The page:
By Simon Calder
Profile, Radio 4
Observers say Michael O'Leary enjoys fighting battles
The City of London Club in Old Broad Street is usually a sedate meeting place for financial folk.
But on Friday, a maverick Irish businessman, sitting next to a bowler-hatted Winston Churchill lookalike, gave the British government a seven-day ultimatum to revise its airport security rules.
"These measures are giving the terrorists and extremists an unbelievable public relations success," regaled Michael O'Leary, chief executive of Irish airline Ryanair.
"They must be rolling around the caves of Pakistan laughing at the British government and the British people at the moment. Look at what we can do with just a couple of mobile phonecalls".
Strong words from a man who began his professional life as a tax accountant but typical of the vitriol that Michael O'Leary heaps on governments, airport authorities, other airlines and even his own passengers - a management style that has not won him universal admiration.
"He certainly loves to fight and he's picked many fights over the years," says Irish journalist Siobhan Creaton, the author of a book on Ryanair.
"He's managed to upset the Catholic church through advertising, he's managed to upset his crew often, passengers as well in many instances."
The 44-year-old man who controls Europe's most profitable airline was born into a wealthy family and enjoyed a first-class education.
According to Ms Creaton, it was at Clongowes Wood school that he came in contact with the Ryan family, an event which would shape his career.
Tony Ryan - whose sons were educated at Clongowes - made a large fortune in the aircraft leasing business in the 1970s and 1980s.
Like so many other millionaires before him, he chose to invest a small fortune in starting an airline.
"He'd set up Ryanair as a small little airline that could ferry people between Waterford and Gatwick airport, like a taxi service really for his three sons," says Siobhan Creaton.
"It was a loss-making, pipsqueak airline really, going nowhere."
Ryanair's problem was the one that has done for a string of start-up airlines: high costs and low passenger numbers.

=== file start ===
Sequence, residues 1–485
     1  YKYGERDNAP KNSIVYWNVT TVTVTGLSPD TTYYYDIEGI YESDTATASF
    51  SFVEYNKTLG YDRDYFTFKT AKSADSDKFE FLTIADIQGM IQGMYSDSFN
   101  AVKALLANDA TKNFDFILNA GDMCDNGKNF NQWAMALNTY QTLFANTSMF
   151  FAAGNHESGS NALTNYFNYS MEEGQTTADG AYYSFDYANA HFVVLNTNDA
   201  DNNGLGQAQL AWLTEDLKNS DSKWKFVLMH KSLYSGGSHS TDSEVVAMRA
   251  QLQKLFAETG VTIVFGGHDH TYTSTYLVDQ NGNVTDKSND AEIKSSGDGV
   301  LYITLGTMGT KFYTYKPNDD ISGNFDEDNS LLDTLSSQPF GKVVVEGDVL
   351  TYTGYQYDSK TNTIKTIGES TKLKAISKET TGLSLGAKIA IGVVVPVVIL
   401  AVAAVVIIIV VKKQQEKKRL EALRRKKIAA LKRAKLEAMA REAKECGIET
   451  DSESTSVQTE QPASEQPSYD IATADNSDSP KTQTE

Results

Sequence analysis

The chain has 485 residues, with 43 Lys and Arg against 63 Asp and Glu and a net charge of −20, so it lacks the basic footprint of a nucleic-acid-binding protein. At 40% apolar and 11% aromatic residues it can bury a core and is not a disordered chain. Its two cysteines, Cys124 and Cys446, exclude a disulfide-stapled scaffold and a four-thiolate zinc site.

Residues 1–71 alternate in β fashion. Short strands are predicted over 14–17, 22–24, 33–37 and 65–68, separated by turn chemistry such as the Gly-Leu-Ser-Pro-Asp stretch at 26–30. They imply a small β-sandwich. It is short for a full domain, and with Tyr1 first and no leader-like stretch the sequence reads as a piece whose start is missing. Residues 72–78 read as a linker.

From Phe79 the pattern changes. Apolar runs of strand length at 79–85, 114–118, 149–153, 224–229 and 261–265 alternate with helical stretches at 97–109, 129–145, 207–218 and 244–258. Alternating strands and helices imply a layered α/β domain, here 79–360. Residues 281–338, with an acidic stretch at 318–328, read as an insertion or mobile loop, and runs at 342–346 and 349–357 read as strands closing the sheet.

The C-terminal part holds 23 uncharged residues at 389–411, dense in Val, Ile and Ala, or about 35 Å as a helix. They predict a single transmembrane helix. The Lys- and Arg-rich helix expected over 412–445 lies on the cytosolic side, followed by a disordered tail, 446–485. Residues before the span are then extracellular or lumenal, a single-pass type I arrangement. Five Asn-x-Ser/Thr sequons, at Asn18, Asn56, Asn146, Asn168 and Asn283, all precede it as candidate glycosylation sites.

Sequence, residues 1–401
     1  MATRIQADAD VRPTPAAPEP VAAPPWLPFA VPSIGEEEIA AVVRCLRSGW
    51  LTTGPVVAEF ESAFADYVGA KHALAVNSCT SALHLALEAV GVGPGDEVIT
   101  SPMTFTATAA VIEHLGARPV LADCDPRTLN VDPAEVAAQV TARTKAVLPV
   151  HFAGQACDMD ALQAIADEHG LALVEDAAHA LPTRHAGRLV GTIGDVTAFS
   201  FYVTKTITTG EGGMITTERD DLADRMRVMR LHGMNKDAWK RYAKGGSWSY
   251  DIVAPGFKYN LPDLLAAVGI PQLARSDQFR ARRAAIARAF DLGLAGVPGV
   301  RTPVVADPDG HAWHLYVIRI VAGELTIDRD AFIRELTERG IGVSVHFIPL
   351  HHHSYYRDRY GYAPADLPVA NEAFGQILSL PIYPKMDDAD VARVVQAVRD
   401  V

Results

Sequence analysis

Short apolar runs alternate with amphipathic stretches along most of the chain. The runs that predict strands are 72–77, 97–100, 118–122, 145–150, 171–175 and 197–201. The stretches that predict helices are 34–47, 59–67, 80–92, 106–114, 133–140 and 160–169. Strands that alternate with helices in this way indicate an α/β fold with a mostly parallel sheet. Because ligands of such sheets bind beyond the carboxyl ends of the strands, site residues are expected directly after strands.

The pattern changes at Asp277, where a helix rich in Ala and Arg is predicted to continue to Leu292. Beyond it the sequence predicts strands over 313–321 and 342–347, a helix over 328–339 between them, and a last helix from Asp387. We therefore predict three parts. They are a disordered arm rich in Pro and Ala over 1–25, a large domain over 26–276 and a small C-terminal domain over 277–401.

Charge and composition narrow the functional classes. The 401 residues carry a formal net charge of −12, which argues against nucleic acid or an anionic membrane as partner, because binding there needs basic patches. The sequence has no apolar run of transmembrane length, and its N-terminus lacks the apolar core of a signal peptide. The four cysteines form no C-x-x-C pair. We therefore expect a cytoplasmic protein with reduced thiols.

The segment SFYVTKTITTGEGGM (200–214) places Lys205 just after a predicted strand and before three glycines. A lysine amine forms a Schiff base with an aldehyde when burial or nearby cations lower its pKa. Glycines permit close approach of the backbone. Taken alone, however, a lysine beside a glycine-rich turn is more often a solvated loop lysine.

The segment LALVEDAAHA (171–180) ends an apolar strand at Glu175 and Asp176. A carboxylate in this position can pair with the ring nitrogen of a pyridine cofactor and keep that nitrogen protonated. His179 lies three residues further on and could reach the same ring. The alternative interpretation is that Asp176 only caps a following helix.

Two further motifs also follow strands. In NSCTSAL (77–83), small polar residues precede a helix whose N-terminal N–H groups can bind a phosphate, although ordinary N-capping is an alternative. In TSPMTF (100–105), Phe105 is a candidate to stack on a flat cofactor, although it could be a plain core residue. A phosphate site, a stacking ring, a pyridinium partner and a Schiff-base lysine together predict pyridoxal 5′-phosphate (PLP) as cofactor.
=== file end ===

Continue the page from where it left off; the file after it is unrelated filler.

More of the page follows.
By this stage, Michael O'Leary had attended Trinity College in Dublin, worked as an accountant and been recruited as Mr Ryan's right hand man.
His boss sent him in to sort out Ryanair's problems and Michael O'Leary initially told him he should shut the airline down.
As a last throw of the dice, Michael O'Leary ditched business class in favour of a one-size-fits-all approach. He worked the airline's people and planes much harder and halved fares.
Michael O'Leary has never been afraid to bang Ryanair's drum
The pile-it-high approach succeeded spectacularly. Ryanair grew so fast that BA soon abandoned the Heathrow-Dublin route.
He then took advantage of Europe-wide liberalisation to start a base at Stansted airport in Essex, with flights to Glasgow Prestwick.
He soon found himself in competition with another high profile 'no frills' airline easyJet, the start of an uneasy relationship with the latter's founder Stelios Haji-Ioannou.
Critics accuse Michael O'Leary of running Ryanair like a bus service but he is unrepentant, castigating other airlines for being inefficient and offering "ridiculously high" costs.
Every day 100,000 passengers step aboard one of Ryanair's Boeing 737s - the only type that the airline flies.
They pay an average fare of under £30, which Michael O'Leary says is possible only because of a corporate obsession with costs.
This extends to potential staff being charged for the privilege of being interviewed.
A first officer must pay £50 for an interview and if he or she passes the first hurdle, a further £200 for a simulator check.
Some disgruntled former staff have accused the airline of mistreating its employees but Ryanair says it staff enjoy better pay than any of the major European airlines.
Whatever their views on Michael O'Leary, people acknowledge that he is one of the most charismatic figures in an industry which has always attracted strong and ebullient personalities.
His frequent news conferences are often theatrical, including one occasion when he dressed as the Pope to preach the low-fares sermon.
His unorthodox approach to business includes inverting the usual airline-airport arrangement by persuading some airports to pay him for the privilege of handling Ryanair passengers.
He incurred the wrath of the European Commission over subsidies paid by Charleroi airport in Belgium - known to Ryanair as "Brussels South".
On a personal level, Michael O'Leary married Anita Farrell, a Dublin banker, in 2003. Their son Matt was born last year - to a fortune estimated at close to £300m.
Some of this nest egg has been spent on building up a growing string of racehorses.
Michael O'Leary has already tasted success on the turf, his horse War of Attrition winning this year's Cheltenham Gold Cup.
Siobhan Creaton says the Ryanair boss has earned so much that he does not need to work another day but that he likes to keep busy.
War of Attrition won the Gold Cup in Michael O'Leary's colours
"He's somebody that will always be busy. People don't tend to know him that well - he tends to stay within his own family and his own circle, and I don't think there's many people that can figure out what he will do next."
Experts believe it is unlikely that O'Leary will walk away from Ryanair any time soon.
"He's made a lot of money and he must have met his ambitions," says Malcolm Ginsberg, an aviation journalist who has been following Michael O'Leary's career for nearly 20 years.
"I believe like a lot of men of his type it's a drug. That he just has to keep going."
Profile will be broadcast on Radio 4 at 1900 on Saturday August 19 and at 1740 on Sunday August 20. Simon Calder is Travel editor at the Independent